"> Detecting lameness in dairy cows with 3D cameras - eDairyNews-EN
Automatic lameness detection and monitoring of dairy cows using computer vision and machine learning could improve animal welfare and economic performance.
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LAMENESS VISION: John Gardenier is hoping his research will lead to automatic lameness detection using computer vision and machine learning.

Lameness is a common health issue and 5-20 per cent of a herd may be lame at any given time. It is the third most costly health issue behind mastitis and fertility, and costs roughly $250 per case in reduced milk production, animal treatment and labour.

Despite this, systematic on-farm monitoring of lameness levels is not common, neither at herd level nor per individual animal, due to the time and skill required to perform locomotion scoring. An example of a locomotion scoring system is the Dairy Australia Healthy Hooves four-level scale, where cows are classified depending on their gait as:

0: not lame.
1: uneven gait, could be mildly lame.
2: lame.
3: very lame
Recent research in Australia and abroad shows that on-farm estimates of the number of lame cows (levels 2 and 3) are a lot lower than those identified by systematic locomotion scoring.

In a NSW study, only 27 per cent of lame cows had been identified on-farm, while in a Western Victorian study only 24pc were identified on-farm. Each study scored about 19,000 cows across many farms.

Even when systematic locomotion scoring is done, it is still a subjective process and humans are just not good at providing reliable scores, especially at mildly lame levels.

Automatic lameness detection and monitoring has the potential to provide frequent, objective, and consistent lameness scores to farm staff.

I am a PhD student at the Australian Centre for Field Robotics at The University of Sydney working on this technology, using recent advances in computer vision and machine learning to detect and monitor lameness. These approaches coupled with large amounts of data have led to a performance that is better than humans in a range of automatic monitoring applications.

In my research, I use commercial off-the-shelf Microsoft Kinect 3D cameras mounted at the exit of a rotary milking platform. These cameras provide depth images, where the value of a pixel represents how far away an object is from the sensor.

Two cameras are mounted above the race to record head, spine, and hip motion as the cow walks past, and two cameras are mounted at knee height alongside the race to record limb motion. A GoPro camera five metres to the side is used to record each cow passing for ground-truth lameness scoring by two expert scorers.

In each image, a convolutional neural network is used to detect body points of interest for lameness monitoring. These include hooves, fetlocks, carpal/tarsal joints, hip, collar and the tip of skull. Training this neural network involves manually clicking on the body points in hundreds of images, and running these images through the network for hours on end while it learns what body parts to look for. After this process, the location of each body point can be determined in each new image.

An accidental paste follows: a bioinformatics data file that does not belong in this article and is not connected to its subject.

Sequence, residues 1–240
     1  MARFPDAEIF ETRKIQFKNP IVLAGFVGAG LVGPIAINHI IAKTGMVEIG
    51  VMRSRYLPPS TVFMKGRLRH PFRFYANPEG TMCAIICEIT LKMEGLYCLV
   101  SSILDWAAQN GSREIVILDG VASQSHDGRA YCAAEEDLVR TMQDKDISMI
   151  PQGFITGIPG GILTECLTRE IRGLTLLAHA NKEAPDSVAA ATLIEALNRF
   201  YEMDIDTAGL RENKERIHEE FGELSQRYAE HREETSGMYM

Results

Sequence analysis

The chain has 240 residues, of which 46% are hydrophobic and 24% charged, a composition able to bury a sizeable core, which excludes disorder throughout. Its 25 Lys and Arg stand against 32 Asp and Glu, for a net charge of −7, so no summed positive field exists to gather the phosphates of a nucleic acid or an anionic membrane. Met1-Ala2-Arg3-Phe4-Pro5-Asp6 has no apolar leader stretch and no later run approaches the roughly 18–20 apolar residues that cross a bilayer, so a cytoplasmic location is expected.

From the body points in the side images, hoof placement location and time is determined. Multiple classical gait metrics are derived from this, such as stride length, stance time and step overlap. From the overhead body points, head bob, spine curvature and vertical hip displacement gait metrics are determined.

Gait metrics of each cow passing are used to classify the cow into two classes: not lame (scores 0, 1) and lame (scores 2, 3). The accuracy of predicting the correct class on 144 cow passings is about 65pc at the moment. This is similar to the agreement between two expert scorers who gave 70pc of these passings the same score.

The definition of correct lameness class is difficult, as scorers themselves only agree 70pc of the time. Prediction accuracy is expected to improve by lameness scoring more cow passings. It is also expected to improve by modelling each cow individually and looking for deviations from its non-lame baseline gait instead of modelling the entire herd together.

The sensing system presented here could not only be used for direct treatment of lame cows, but could contribute to better genetic selection on a longer timescale. Continuous large-scale objective monitoring of both lameness and other phenotypes such as udder conformation and body condition score can contribute to improved genetic traits, allowing for healthier, more efficient cattle for Australian dairy farmers.

My research is supported by Dairy Australia and the Faculty of Engineering, and is supervised by Assoc. Prof. Cameron Clark, Dr James Underwood and Dr Mitch Bryson. Dairy Australia has extensive online guides for identifying, treating, and preventing lameness, along with a lameness cost calculator and links to Healthy Hooves extension workshops.

*John Gardenier, PhD candidate at the University of Sydney, was the winner of the 2020 Australian Dairy Conference’s Young Dairy Scientist Award competition. This is an edited version of the article he submitted as part of that competition.

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